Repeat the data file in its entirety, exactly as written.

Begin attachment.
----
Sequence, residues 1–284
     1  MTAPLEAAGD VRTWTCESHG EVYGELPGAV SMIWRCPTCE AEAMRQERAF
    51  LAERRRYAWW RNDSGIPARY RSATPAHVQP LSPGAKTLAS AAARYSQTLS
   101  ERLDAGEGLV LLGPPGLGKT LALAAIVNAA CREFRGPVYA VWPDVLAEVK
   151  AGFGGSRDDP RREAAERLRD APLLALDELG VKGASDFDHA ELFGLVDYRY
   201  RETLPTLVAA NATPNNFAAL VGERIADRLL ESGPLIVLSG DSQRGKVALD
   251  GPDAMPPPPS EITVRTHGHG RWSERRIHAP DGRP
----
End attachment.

Sequence, residues 1–284
     1  MTAPLEAAGD VRTWTCESHG EVYGELPGAV SMIWRCPTCE AEAMRQERAF
    51  LAERRRYAWW RNDSGIPARY RSATPAHVQP LSPGAKTLAS AAARYSQTLS
   101  ERLDAGEGLV LLGPPGLGKT LALAAIVNAA CREFRGPVYA VWPDVLAEVK
   151  AGFGGSRDDP RREAAERLRD APLLALDELG VKGASDFDHA ELFGLVDYRY
   201  RETLPTLVAA NATPNNFAAL VGERIADRLL ESGPLIVLSG DSQRGKVALD
   251  GPDAMPPPPS EITVRTHGHG RWSERRIHAP DGRP